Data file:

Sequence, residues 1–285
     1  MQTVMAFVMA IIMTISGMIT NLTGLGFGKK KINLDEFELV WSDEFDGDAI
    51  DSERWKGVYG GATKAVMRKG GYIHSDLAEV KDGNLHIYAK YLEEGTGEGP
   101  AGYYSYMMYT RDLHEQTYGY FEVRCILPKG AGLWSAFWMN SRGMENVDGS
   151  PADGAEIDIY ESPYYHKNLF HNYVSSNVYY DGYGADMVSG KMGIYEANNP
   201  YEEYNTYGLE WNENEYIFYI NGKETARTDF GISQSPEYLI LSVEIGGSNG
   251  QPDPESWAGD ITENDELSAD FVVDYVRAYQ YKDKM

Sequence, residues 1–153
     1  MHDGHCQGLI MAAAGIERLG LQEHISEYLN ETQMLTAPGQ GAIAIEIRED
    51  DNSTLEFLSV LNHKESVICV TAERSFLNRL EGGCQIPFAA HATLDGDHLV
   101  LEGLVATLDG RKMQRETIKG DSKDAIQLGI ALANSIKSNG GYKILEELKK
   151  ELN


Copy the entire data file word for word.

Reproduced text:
Sequence, residues 1–285
     1  MQTVMAFVMA IIMTISGMIT NLTGLGFGKK KINLDEFELV WSDEFDGDAI
    51  DSERWKGVYG GATKAVMRKG GYIHSDLAEV KDGNLHIYAK YLEEGTGEGP
   101  AGYYSYMMYT RDLHEQTYGY FEVRCILPKG AGLWSAFWMN SRGMENVDGS
   151  PADGAEIDIY ESPYYHKNLF HNYVSSNVYY DGYGADMVSG KMGIYEANNP
   201  YEEYNTYGLE WNENEYIFYI NGKETARTDF GISQSPEYLI LSVEIGGSNG
   251  QPDPESWAGD ITENDELSAD FVVDYVRAYQ YKDKM

Sequence, residues 1–153
     1  MHDGHCQGLI MAAAGIERLG LQEHISEYLN ETQMLTAPGQ GAIAIEIRED
    51  DNSTLEFLSV LNHKESVICV TAERSFLNRL EGGCQIPFAA HATLDGDHLV
   101  LEGLVATLDG RKMQRETIKG DSKDAIQLGI ALANSIKSNG GYKILEELKK
   151  ELN